Patie and Peggy, pp.81-82.

[Tea-Table Miscellany Contents]


BY the delicious warmness of thy mouth, 

And rowing eye, which smiling tells the truth, 

I guess my lassie, that as well as I, 

You’re made for love, and why should ye deny? 



But ken ye, lad, gin we confess, o’er soon, 

Ye think us cheap, and syne the wooing’s done, 

The maiden that o’er quickly tines her pow’r, 

Like unripe fruit, will taste but hard and sowr. 



But when they hing o’er lang upon the tree, 

Their sweetness they may time, and sae may ye:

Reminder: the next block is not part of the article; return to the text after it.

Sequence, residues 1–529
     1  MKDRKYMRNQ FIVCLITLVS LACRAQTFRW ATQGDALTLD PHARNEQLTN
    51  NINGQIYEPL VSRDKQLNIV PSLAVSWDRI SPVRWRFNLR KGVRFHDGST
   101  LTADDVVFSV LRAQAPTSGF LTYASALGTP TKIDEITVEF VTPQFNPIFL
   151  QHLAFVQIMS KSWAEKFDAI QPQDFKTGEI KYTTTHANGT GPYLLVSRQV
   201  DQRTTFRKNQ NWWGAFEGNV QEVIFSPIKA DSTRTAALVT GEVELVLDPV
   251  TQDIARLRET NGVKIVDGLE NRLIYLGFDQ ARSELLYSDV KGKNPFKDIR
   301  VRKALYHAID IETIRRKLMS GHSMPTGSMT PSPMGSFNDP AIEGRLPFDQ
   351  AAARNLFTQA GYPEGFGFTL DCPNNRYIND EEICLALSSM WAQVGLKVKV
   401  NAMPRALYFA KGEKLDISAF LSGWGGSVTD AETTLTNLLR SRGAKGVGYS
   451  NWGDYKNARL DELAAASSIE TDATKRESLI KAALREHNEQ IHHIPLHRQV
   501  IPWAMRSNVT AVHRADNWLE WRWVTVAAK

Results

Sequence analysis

Red cheek’d you compleatly ripe appear, 

And I have thol’d and woo’d a lang haff year. 



Then dinna pu’ me gently thus I fa’ 

Into my Patie’s arms for good and a’: 

But stint your wishes to this frank embrace, 

And mint nae farther till we’ve got the grace. 



O charming armsfu’! hence, ye cares, away, 

I’ll kiss my treasure a’ the live lang day: 

A’ night I’ll dream my kisses o’er again, 

‘Till that day come that ye’ll be a’ my ain. 



Sun, gallop down the westlin skies

Gang soon to bed, and quickly rise

O lash your steeds, post time away

And haste about our bridel day: 

And if ye’re weary’d, honest light

Sleep gin ye like a week that night

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